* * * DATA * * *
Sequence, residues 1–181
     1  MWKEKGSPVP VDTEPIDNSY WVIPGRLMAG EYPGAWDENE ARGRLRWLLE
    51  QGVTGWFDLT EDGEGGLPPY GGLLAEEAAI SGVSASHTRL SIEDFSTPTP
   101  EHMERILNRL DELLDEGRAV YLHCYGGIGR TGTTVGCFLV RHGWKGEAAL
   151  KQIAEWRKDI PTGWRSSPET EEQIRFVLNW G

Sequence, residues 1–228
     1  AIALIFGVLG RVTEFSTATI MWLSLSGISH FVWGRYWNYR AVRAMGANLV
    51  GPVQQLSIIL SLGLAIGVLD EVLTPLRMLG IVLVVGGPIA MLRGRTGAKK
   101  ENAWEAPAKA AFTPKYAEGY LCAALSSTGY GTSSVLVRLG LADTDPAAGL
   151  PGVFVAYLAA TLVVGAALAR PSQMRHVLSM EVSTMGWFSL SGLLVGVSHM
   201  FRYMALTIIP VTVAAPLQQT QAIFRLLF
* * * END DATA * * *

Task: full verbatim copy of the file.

Sequence, residues 1–181
     1  MWKEKGSPVP VDTEPIDNSY WVIPGRLMAG EYPGAWDENE ARGRLRWLLE
    51  QGVTGWFDLT EDGEGGLPPY GGLLAEEAAI SGVSASHTRL SIEDFSTPTP
   101  EHMERILNRL DELLDEGRAV YLHCYGGIGR TGTTVGCFLV RHGWKGEAAL
   151  KQIAEWRKDI PTGWRSSPET EEQIRFVLNW G

Sequence, residues 1–228
     1  AIALIFGVLG RVTEFSTATI MWLSLSGISH FVWGRYWNYR AVRAMGANLV
    51  GPVQQLSIIL SLGLAIGVLD EVLTPLRMLG IVLVVGGPIA MLRGRTGAKK
   101  ENAWEAPAKA AFTPKYAEGY LCAALSSTGY GTSSVLVRLG LADTDPAAGL
   151  PGVFVAYLAA TLVVGAALAR PSQMRHVLSM EVSTMGWFSL SGLLVGVSHM
   201  FRYMALTIIP VTVAAPLQQT QAIFRLLF